With millions of subscribers and six expansions (plus the original game), World of Warcraft is a huge success–emphasis on huge, because there’s a lot of material in this game, y’all. With 110 levels of quest and dungeon action to fill, the developers like to keep it fun by putting in references and jokes relating to our non-Warcraft world. At least one of those devs is a reader, too, because there definitely are a bunch of book references for us book nerds to enjoy going all the way back to what players call “vanilla,” the base game that came out in 2004.
1. Obviously, Tolkien.
I mean. A game that is based in a fantasy world where orcs battle elves is a bit on the nose not to mention it right off the bat, no? World of Warcraft nods overtly to the similarities, including making the Tolkien quote “Not all who wander are lost” one of the repeating lines of dialogue for a major character. (It’s this thing where you click on them and they offer up nuggets of wisdom or standard greetings . . . if you keep clicking, they eventually get mad, though.) You can also get as a drop The 1 Ring, which is not quite as good as The 2 Ring.
2. Also, a crapton of Lovecraft.
From the very name of the game (Warcraft), WoW is peppered with Lovecraftian references. The continents that make the original game zones comprise a world known as Azeroth, a play off of Azathoth from the Cthulhu mythos. (Also, there’s C’thun, a boss that looks a lot like a Cthulhu-type old god, and Yogg-Saron, a play off of Yog-Sothoth. They’re really into the old gods.) The Case of Charles Dexter Ward was referenced a bunch of times, too, in quests and character names.
3. Someone at Blizzard loves Hemingway, a lot.
Meet Hemet Nesingwary, a robust hunter who stalks the wild game of Azeroth and beyond. His two passions are going on safari and writing; Nesingwary is the illustrious author of The Green Hills of Stranglethorn and you, adventurer, will be tasked with finding page 14, which has gone missing. (In ye olden days of vanilla, you had to find 16 pages. Kids these days don’t know how good they have it.)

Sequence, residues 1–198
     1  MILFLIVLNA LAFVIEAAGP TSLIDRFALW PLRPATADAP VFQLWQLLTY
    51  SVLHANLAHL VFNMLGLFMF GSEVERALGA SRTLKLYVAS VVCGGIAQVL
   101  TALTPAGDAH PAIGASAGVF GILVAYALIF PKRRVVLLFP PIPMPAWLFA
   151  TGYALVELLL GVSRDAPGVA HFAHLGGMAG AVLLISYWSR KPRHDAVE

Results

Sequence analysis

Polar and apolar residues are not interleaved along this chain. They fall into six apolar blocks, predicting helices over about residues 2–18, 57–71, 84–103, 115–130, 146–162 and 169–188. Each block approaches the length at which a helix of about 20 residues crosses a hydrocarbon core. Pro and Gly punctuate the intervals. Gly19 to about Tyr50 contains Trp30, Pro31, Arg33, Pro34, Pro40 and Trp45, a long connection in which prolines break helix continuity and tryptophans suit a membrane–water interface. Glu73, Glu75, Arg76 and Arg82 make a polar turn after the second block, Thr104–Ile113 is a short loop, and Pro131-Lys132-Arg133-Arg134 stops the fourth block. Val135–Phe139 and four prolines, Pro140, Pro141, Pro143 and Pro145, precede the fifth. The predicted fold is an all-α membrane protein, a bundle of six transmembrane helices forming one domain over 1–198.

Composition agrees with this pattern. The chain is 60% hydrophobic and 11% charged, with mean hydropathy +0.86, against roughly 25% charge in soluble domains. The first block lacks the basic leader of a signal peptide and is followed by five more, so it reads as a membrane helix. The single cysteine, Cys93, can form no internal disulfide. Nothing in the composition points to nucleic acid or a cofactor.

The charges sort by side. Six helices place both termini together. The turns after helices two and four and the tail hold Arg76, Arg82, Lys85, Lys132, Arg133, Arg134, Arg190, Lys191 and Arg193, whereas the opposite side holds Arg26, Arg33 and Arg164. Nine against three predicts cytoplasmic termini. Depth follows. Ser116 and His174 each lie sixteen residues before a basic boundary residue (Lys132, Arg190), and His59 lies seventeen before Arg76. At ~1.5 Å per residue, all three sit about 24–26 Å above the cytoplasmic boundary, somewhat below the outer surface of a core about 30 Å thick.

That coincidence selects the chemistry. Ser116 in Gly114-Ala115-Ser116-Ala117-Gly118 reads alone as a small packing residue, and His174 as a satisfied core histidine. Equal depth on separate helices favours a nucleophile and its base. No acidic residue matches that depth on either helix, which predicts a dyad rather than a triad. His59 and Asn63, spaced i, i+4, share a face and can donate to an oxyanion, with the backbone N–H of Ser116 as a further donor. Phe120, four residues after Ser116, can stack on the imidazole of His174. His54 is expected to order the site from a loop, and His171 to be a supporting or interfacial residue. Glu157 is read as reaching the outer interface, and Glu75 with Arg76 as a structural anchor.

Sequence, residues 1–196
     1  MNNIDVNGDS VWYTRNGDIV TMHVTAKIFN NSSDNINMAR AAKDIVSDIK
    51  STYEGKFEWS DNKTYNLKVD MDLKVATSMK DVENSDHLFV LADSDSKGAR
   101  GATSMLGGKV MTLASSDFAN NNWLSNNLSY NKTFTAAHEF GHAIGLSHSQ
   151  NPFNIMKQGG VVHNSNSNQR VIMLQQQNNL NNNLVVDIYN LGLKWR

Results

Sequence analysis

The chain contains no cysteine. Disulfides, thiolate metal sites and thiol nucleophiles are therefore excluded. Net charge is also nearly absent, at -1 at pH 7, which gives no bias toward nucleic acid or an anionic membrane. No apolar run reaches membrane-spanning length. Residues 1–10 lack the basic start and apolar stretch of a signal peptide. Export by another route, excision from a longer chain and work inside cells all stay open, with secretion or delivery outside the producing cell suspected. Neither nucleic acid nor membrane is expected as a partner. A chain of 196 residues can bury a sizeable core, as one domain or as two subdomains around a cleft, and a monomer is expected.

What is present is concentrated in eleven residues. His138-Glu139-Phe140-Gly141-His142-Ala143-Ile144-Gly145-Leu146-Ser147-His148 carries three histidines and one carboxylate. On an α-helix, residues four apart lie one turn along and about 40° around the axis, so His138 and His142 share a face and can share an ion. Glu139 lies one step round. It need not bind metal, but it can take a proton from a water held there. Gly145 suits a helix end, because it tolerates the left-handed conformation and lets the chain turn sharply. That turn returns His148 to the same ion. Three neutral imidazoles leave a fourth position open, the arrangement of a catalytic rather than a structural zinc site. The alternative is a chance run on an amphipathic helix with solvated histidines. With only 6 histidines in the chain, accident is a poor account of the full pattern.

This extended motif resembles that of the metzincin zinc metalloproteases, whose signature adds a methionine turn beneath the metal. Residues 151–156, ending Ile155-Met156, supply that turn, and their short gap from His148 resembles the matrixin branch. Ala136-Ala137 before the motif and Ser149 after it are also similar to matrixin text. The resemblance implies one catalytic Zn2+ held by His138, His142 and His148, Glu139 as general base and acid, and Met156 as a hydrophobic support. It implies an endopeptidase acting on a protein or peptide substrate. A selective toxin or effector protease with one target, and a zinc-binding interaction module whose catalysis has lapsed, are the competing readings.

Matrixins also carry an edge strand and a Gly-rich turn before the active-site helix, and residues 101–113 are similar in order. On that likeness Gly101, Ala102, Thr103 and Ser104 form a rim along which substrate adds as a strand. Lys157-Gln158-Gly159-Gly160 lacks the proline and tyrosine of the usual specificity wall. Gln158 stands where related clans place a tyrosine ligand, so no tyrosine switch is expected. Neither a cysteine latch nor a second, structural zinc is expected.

Nesingwary or his son shows up in every single expansion with hunting-related quests to send you on, for which you can get achievements like “Hills Like White Elekks” or “The Snows of Northrend.” At one point, he shows up in a hot air balloon called The Killem’ Jaro. His quests are a lot of fun in general, but doubly so if you catch all the references.
4. Salinger and Kerouac hang with the hunters, too.
Though it’s not precisely in character for these authors to be big-gaming with Hemingway–sorry, Nesingwary Jr., you can find Ajeck Rouack and Sir S. J. Erlgadin (anagrams of Jack Kerouac and J.D. Salinger) hanging around the jungle to send you out tiger hunting.
5. Burroughs and Ginsberg work in the Purple Parlor.
Hang around the city of Dalaran enough and you’ll probably take the portal to the Purple Parlor just to see if there’s anything cool there to do. If you do, you’ll find Arcanist Ginsberg and Alchemist Burroughs, probably imbibing something. I mean, just look at him; you know he’s using his mad alchemist skills to get them both totally wasted.
6. The Opera event has you fight stories.
I guess all of these stories probably count as both stage shows and books, but they were books first, dammit. (And one isn’t even an opera.) The dungeon Karazhan, a huge mansion, features an opera house as one of the main fights; after you start the event, you get a random story out of three possible stories: Romulo and Julianne, a tale of star-crossed lovers; Red Riding Hood, a story about a wolf in sheep’s clothing (or, well, Grandma’s clothing); and The Wizard of Oz, in which Dorothee and Tito[sic] just want to go home. Back when this dungeon was end-game content–like six expansions ago–the Wicked Witch’s Hat was a must-have accessory for any warlock worth her salt.
7. You find someone’s copy of 50 Shades.
While attempting to thwart some bad dudes, you and a bird-person have to go search someone’s hut for an important text. While seeking the needed book, you come across Fifty Layers of Shadows, found by the bird-person’s pet, Percival. “PERCIVAL, YOU PUT THAT BACK THIS INSTANT. Nasty bird.” So fun that it inspired fan art (source).
8. While questing in the jungle, you raid the compound from Heart of Darkness.
Really, the entire zone of Strangethorn Vale seems to be a literary hotbed. I guess jungles = awesome books? A questline takes you through Kurzen’s compound, which alludes to the character of Kurtz in Conrad’s book.
9. One quest makes you murder Zaphod Beeblebrox (sort of).
In the quest “Four Heads Are Better Than None,” the heads you have to find are those of Za’brox and Beeble’phod, both two-headed ogres. And by “find” I mean “murder those ogres to death and take their heads.”
10. And surprisingly? A ton of English poetry references.
What do T.S. Eliot, Lord Tennyson, William Wordsworth, and John Keats have in common with World of Warcraft? Not that much, but you’ll find a bunch of references to the former sprinkled in the latter. I have to confess that I didn’t recognize the majority of the references in the game, but I did always like the ring of “Chestguard of Insidious Intent,” a reference to one of my personal favorite poems (Prufrock, always Prufrock).
There are a lot more bookish references in WoW: NPC names, quest titles, snippets of dialogue, and item names often slyly allude to stories we all know and love. Which of your favorites did I miss on this list?